Operating on noses takes a highly experienced surgeon because there’s very little room for error. This facial feature sits prominently in the middle of the face. It’s a big part of the way we present ourselves to the world, not to mention one of the first things others notice when they meet us.
That means plastic surgeons that perform rhinoplasty, or “nose jobs”, must do so with great precision and intent. There’s no hiding a “mistake” on a nose the way one could hide an imperfection from plastic surgery on the belly, for example, with clothing. Your nose will always be front and center.
The decision is obvious: Dr. Brent J. Smith consistently performs between 180 and 200 facelifts each year, most of which include eyelid surgery, a nose job, and possibly chin and ear procedures.
Every nose is a new blueprint
The other thing that makes noses the most challenging cosmetic surgery is, like a fingerprint, each nose is totally unique. Getting it right for each patient means shaping the nose to fit with the rest of the face in a way that looks natural.
There is no routine, one-nose-fits-all rhinoplasty procedure. “Having a broad skill set allows me to individualize each and every nose,” says Dr. Smith, who is double board certified by the American Academy of Facial Plastic and Reconstructive Surgery and the American Academy of Otolaryngology/Head and Neck Surgery to work on both the inner and outer aspects of the nose. “This is not a cookie-cutter surgery. Each one must fit with the face so the nose looks like one they were born with, and so that it ends up complementing other features rather than detracting from them.”
Having practiced plastic surgery exclusively on the face for more than 25 years has given Dr. Smith the hands-on experience to perfect his art—bringing out the aesthetics of each nose. Achieving specialization in ear, nose and throat, affords Dr. Smith an even more significant advantage: knowing how the nose must function physically with the human body.
For example, if a patient comes in with the ideal of achieving the thinnest, tiniest nose possible, Dr. Smith will communicate the issue of how the nose must still be able to function properly by bringing air to the lungs. Will there be enough room to circulate, humidify and filter air? These are all critical functions that a nose must be able to perform to keep the body working in a healthy manner.
“If someone wants the nose to be too pinched or narrow, I explain that not only won’t it look right, but it also won’t function well,” Dr. Smith says.
Luckily the trend these days is not toward “tiny” or the upturned “Twiggy” nose, but rather toward noses that look the most natural on the face. Everyone has been scared by over-corrected plastic surgeries that play out in public, most notably in Hollywood. We can reassure patients that their nose will look appropriate to the features of their face through the use of specialized computer imaging software and by showing photos of patients who have consented to us sharing their results.
That said, every patient comes into Smith Cosmetic Surgery with different ideas, expectations and goals for what they wish to achieve through plastic surgery on his or her nose. This only underscores the uniqueness of each and every rhinoplasty procedure.
One patient may not like a hump in their nose; another’s appears too bulbous or droopy; still another is unhappy with how much the nostrils flare. Is it a genetic predisposition? Was there an accident or trauma to the bone or tissue of the nose that never healed properly? These are all questions that Dr. Smith will address with each individual patient in order to set expectations and choose the best course of action to sculpt a nose that’s made for each person.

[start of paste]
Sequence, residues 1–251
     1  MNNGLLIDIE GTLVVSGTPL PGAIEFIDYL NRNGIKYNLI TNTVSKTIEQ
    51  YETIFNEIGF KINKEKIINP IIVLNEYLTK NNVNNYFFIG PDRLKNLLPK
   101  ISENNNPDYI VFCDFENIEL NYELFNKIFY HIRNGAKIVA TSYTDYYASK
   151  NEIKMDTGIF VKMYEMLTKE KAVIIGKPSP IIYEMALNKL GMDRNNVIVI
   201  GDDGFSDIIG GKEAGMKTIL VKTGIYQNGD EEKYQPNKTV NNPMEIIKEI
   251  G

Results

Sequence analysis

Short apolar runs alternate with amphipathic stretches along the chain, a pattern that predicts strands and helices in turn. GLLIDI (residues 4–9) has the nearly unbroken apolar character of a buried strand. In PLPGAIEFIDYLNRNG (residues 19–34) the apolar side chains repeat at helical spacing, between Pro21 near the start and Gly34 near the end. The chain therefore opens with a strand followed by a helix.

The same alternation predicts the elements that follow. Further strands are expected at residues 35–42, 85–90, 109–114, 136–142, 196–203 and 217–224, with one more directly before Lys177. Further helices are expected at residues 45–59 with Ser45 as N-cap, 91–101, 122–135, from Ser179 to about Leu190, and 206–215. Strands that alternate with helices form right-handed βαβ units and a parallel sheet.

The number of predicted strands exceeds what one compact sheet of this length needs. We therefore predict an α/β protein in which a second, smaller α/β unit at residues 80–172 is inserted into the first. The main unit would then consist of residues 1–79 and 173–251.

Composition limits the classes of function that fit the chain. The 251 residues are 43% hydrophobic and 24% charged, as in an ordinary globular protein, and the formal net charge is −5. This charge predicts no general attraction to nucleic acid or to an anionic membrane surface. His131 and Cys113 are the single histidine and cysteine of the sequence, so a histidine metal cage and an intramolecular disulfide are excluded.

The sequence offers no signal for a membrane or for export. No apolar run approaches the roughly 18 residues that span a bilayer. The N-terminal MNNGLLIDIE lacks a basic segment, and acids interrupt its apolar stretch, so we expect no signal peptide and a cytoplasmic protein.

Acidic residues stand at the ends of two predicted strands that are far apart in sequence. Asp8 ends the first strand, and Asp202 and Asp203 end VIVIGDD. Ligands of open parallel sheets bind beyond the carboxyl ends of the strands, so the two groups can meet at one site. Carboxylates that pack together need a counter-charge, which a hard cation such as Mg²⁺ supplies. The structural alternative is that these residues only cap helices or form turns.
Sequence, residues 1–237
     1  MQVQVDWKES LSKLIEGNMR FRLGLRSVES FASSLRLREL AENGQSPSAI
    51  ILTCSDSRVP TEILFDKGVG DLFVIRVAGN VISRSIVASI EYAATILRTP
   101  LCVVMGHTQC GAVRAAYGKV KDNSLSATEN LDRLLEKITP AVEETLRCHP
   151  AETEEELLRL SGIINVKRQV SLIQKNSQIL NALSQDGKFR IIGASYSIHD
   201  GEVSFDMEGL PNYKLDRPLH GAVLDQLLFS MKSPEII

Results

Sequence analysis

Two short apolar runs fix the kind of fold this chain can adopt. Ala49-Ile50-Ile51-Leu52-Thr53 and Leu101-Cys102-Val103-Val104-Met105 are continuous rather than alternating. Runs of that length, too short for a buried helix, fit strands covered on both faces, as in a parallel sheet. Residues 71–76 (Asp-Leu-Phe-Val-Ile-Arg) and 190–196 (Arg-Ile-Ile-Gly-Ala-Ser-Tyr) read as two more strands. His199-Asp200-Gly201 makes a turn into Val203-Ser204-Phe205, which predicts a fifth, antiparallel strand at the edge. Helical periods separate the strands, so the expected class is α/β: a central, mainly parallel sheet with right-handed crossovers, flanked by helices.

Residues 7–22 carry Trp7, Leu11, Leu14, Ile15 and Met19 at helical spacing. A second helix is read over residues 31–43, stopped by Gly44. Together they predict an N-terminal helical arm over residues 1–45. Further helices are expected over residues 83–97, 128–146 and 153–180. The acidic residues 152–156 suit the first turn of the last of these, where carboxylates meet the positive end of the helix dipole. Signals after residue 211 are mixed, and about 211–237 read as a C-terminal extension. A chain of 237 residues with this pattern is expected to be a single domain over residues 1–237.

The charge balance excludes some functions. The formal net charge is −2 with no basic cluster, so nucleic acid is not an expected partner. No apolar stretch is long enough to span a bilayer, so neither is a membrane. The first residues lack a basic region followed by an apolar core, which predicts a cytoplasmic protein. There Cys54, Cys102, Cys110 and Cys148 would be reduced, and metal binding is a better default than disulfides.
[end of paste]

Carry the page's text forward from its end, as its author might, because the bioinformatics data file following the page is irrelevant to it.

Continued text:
Keeping the natural in every nose
To achieve the most natural look, Dr. Smith will also take into account other facial features as he customizes a surgical approach. That’s because other aspects of the face impact the look of the nose. The chin is the most significant feature tied to the appearance of the nose. For example, a recessed or “weak” chin can make a nose look larger and vice versa.
Because the nose is so intimately tied to other facial features it is not uncommon for Dr. Smith to suggest a complementary procedure at the same time as the rhinoplasty. Work on the chin is the most common, followed by liposuction around the neck area, which can provide more shape and contouring to an area that best highlights the nose. These twin surgeries are routine and would be discussed during a complimentary consultation about the best approach for your individual nose.
The craft of rhinoplasty truly lies in an individual surgeon’s ability to mask his or her own work, meaning the best-looking noses don’t appear to have had any work done at all. They simply look like they belong—like a nose you were born with.
Smith Cosmetic Surgery encourages each patient that comes in for a rhinoplasty consultation to go through computer imaging to see what their new nose can look like. Dr. Smith and his highly qualified staff will take a picture of your current nose, feed it into a computer and create a model of how natural your nose will appear after a custom procedure.
“After we discuss goals, we take pictures, put them on imaging and show them what we’re thinking,” explains Dr. Smith. “This allows us to have another conversation and develop common ground. The idea is patients are never going into this procedure blind.”
If you are considering changing your nose, remember just how unique you are. Make sure you choose a surgeon who routinely performs this type of plastic surgery. A nose is not the place to take chances, because errors are far too obvious. Find a cosmetic plastic surgeon that knows the nose—and will never let you go into your rhinoplasty blindly.